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10 Nutritional Benefits of Yogurt

10 Nutritional Benefits of Yogurt

Your morning yogurt bowl (with ALL the toppings) does so much more for your body than just provide a nice balance of macros—although it totally does that, too. Learn more about the sometimes surprising yogurt health benefits that will make you want to eat this creamy treat every morning, afternoon, and night.

1. Yogurt can give you flat abs.
Eat 18 ounces a day and you can drop a size. People who ate that much—in conjunction with cutting their total calories—lost 22 percent more weight and 81 percent more belly fat than dieters who skipped the snack, according to research from the University of Tennessee, Knoxville. They also retained one-third more lean muscle mass, which can help you maintain weight loss.

2. Most brands of yogurt contain good-for-you bacteria.
The words “live and active cultures” on the container mean that your yogurt has probiotics, beneficial bugs that live in your digestive tract and help crowd out harmful microorganisms that can cause intestinal infections. (Only a very small number of companies put yogurt through a post-pasteurization process that kills off all bacteria.) But many varieties now also contain special strains of probiotics meant to help regulate your digestion or strengthen your immune system.

3. Yogurt is loaded with vitamins.
One serving is a significant source of potassium, phosphorous, riboflavin, iodine, zinc, and vitamin B5 (pantothenic acid). Yogurt also contains B12, which maintains red blood cells and helps keep your nervous system functioning properly.

4. A cup of yogurt a day can help you recover faster after a workout.
With the right ratio of protein to carbohydrates, yogurt, particularly high-protein Greek yogurt, makes an excellent post-sweat-session snack. “The perfect time to grab a container is within 60 minutes of exercise,” says Keri Gans, R.D., a nutritionist in New York City. The protein provides the amino acids your muscles need to repair themselves,

5. Not all yogurt is equal when it comes to calcium and vitamin D.
Since it naturally contains calcium, you’d think the yogurt health benefits and vitamin D amount would be the same no matter which yogurt you pick. Wrong. “The levels can vary widely from brand to brand, so you really need to check the label,” Newgent says. How much is in a container depends on processing. For instance, fruit yogurt tends to have less calcium than plain because the sugar and fruit take up precious space in the container. “Vitamin D isn’t naturally in yogurt, but because it helps boost calcium absorption, most companies add it,” Newgent explains.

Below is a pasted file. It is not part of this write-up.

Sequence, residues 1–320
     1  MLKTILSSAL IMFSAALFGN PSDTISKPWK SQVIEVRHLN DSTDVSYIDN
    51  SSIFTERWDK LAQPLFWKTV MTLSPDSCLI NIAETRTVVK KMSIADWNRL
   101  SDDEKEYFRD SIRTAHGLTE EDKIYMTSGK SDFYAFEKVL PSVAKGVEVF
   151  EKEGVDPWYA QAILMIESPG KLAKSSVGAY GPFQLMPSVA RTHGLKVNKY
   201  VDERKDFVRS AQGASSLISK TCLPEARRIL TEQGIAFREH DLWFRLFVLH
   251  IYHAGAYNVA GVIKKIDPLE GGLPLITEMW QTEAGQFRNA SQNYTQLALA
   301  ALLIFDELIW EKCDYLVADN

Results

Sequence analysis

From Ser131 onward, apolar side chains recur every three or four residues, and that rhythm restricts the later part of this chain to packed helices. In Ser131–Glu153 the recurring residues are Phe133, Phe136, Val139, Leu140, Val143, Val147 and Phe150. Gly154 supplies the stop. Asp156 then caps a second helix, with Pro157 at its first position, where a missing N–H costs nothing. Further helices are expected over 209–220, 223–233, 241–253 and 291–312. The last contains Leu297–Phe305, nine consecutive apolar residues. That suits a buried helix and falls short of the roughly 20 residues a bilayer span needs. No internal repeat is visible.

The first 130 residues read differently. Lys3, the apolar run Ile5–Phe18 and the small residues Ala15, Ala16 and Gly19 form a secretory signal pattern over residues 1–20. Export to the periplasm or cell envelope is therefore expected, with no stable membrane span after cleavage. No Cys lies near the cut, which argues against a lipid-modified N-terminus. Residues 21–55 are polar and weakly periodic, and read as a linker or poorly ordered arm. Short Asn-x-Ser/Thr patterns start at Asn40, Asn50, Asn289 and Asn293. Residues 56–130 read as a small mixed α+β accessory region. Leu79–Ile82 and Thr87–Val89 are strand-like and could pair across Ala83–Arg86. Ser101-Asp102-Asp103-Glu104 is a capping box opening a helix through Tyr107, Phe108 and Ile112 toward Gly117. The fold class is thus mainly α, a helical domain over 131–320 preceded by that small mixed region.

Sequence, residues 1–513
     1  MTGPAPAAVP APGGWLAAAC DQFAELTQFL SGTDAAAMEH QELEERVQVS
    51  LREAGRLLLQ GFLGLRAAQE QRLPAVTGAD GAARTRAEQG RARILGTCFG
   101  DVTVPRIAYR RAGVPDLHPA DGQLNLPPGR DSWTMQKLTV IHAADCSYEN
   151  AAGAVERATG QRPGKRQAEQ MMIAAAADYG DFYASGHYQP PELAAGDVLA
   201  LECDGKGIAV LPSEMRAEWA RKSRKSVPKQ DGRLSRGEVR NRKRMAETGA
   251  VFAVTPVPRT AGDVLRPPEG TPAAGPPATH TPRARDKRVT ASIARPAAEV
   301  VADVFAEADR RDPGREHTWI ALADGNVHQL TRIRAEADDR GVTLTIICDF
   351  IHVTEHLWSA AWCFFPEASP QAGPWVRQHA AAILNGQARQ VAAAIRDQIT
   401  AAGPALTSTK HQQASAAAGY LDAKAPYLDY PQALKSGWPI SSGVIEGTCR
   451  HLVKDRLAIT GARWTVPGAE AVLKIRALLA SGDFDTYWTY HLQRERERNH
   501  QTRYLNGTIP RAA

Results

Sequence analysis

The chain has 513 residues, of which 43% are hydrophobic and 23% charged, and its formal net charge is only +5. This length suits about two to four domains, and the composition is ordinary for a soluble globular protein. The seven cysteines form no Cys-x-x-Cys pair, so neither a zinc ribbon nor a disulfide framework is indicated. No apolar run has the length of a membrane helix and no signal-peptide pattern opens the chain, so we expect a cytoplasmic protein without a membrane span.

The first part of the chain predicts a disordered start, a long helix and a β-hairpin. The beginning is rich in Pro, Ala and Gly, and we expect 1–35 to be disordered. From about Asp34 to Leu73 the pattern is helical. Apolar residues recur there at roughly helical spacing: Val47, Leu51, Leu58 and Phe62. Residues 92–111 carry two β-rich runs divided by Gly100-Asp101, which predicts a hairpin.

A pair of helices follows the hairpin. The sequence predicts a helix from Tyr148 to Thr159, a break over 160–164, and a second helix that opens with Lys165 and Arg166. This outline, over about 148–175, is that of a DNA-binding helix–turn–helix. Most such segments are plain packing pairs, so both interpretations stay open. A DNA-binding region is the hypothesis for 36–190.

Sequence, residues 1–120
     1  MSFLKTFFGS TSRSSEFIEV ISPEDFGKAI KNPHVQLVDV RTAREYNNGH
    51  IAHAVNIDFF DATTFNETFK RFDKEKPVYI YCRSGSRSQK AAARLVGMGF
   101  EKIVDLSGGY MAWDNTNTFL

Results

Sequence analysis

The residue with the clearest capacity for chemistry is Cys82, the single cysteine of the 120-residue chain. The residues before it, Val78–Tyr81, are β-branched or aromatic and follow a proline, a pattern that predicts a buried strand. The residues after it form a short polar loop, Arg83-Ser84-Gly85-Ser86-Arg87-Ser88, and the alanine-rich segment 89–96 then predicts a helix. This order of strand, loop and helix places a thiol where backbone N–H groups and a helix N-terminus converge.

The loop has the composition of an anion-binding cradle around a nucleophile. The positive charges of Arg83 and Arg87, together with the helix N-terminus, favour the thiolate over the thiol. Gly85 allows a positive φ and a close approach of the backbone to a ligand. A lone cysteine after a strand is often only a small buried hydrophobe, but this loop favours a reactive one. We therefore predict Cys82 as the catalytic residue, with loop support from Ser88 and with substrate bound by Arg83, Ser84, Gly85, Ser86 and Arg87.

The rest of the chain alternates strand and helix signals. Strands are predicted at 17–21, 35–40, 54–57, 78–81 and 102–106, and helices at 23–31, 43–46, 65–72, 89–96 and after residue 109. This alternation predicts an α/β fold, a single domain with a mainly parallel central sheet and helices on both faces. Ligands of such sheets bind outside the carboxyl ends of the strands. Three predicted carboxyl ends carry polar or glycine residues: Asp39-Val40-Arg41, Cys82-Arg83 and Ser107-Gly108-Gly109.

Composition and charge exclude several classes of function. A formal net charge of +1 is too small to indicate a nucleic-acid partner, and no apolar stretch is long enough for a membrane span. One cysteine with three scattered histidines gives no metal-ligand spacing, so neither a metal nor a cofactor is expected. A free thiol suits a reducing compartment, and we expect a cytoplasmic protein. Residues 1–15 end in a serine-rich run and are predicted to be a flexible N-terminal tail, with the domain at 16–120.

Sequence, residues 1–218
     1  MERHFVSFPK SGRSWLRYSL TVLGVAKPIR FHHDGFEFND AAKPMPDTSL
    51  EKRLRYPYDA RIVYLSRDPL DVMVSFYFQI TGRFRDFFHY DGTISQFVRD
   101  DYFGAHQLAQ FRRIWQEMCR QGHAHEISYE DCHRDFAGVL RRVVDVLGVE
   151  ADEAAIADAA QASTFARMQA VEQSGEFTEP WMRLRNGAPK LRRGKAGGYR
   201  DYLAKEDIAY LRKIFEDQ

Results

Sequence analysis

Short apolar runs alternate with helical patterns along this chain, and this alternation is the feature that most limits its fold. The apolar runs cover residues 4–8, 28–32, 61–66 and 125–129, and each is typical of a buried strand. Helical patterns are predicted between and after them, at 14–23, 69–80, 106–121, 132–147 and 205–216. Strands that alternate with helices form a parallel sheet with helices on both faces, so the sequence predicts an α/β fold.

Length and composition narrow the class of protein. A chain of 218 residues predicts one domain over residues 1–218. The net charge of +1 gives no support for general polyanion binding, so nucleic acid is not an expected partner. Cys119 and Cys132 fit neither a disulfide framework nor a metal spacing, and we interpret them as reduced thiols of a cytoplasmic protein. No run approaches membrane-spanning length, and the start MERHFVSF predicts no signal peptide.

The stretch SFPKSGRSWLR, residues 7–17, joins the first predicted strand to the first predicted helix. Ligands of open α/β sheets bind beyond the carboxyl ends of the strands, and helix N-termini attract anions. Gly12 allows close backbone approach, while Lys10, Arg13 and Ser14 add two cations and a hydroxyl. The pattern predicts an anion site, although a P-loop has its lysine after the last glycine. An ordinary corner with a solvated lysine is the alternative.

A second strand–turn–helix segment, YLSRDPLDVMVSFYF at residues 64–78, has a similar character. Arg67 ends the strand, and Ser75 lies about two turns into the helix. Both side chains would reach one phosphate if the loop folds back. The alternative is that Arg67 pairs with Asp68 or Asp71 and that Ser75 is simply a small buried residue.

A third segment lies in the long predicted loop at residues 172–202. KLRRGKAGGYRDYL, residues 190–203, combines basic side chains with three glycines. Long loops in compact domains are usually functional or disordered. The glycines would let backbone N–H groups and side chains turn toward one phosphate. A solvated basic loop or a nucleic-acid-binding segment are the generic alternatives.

6. Yogurt may prevent high blood pressure.
Every day, 70 percent of us consume more than twice the recommended amount of salt; over time that can lead to hypertension and kidney and heart disease. The potassium in yogurt, almost 600 milligrams per 8 ounces, may help flush some of the excess sodium out of your body.

7. A daily serving of yogurt keeps colds away.
How about this for a surprising yogurt health benefit: Dig into 4 ounces each day and you may find yourself sniffle-free in the months ahead, according to a study at the University of Vienna. Women eating this amount had much stronger and more active T cells, which battle illness and infection, than they did before they started consuming it.

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8. Yogurt can help your smile.
Despite its sugar content, yogurt doesn’t cause cavities. When scientists at Marmara University in Turkey tested low-fat, light, and fruit flavors, they found that none of them eroded tooth enamel, the main cause of decay. The lactic acid in yogurt appears to give your gums protection as well.

9. Raw doesn’t mean better.
Virtually all the yogurt in your grocery store has been pasteurized—that is, exposed to high temperatures to kill any harmful pathogens. Raw-dairy fans claim that unpasteurized milk, yogurt, and cheese are better for you because they contain more health-boosting bacteria, but pasteurization doesn’t destroy beneficial probiotics, Newgent explains.

10. Yogurt is a high-protein food.
You probably already knew about this yogurt health benefit: Yogurt can be an excellent source of protein. But apparently, “one variety may contain more than double the protein of another,” says Blatner. Greek yogurt, which is strained to make it thicker, has up to 20 grams of protein per container; traditional yogurt may have as few as 5 grams.

Source – Shape

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